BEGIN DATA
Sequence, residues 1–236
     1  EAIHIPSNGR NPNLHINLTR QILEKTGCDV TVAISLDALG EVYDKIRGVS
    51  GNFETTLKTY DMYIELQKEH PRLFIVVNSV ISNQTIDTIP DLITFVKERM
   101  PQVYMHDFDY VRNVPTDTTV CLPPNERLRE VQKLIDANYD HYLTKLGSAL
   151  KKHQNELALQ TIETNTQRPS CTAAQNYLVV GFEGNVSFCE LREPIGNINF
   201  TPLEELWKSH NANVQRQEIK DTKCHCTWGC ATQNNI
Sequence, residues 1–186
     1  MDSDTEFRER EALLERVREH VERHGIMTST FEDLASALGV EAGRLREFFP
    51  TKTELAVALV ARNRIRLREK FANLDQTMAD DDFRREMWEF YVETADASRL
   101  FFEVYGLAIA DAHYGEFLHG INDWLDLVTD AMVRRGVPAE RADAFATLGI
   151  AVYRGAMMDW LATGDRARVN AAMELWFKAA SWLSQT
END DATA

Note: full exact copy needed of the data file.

Sequence, residues 1–236
     1  EAIHIPSNGR NPNLHINLTR QILEKTGCDV TVAISLDALG EVYDKIRGVS
    51  GNFETTLKTY DMYIELQKEH PRLFIVVNSV ISNQTIDTIP DLITFVKERM
   101  PQVYMHDFDY VRNVPTDTTV CLPPNERLRE VQKLIDANYD HYLTKLGSAL
   151  KKHQNELALQ TIETNTQRPS CTAAQNYLVV GFEGNVSFCE LREPIGNINF
   201  TPLEELWKSH NANVQRQEIK DTKCHCTWGC ATQNNI
Sequence, residues 1–186
     1  MDSDTEFRER EALLERVREH VERHGIMTST FEDLASALGV EAGRLREFFP
    51  TKTELAVALV ARNRIRLREK FANLDQTMAD DDFRREMWEF YVETADASRL
   101  FFEVYGLAIA DAHYGEFLHG INDWLDLVTD AMVRRGVPAE RADAFATLGI
   151  AVYRGAMMDW LATGDRARVN AAMELWFKAA SWLSQT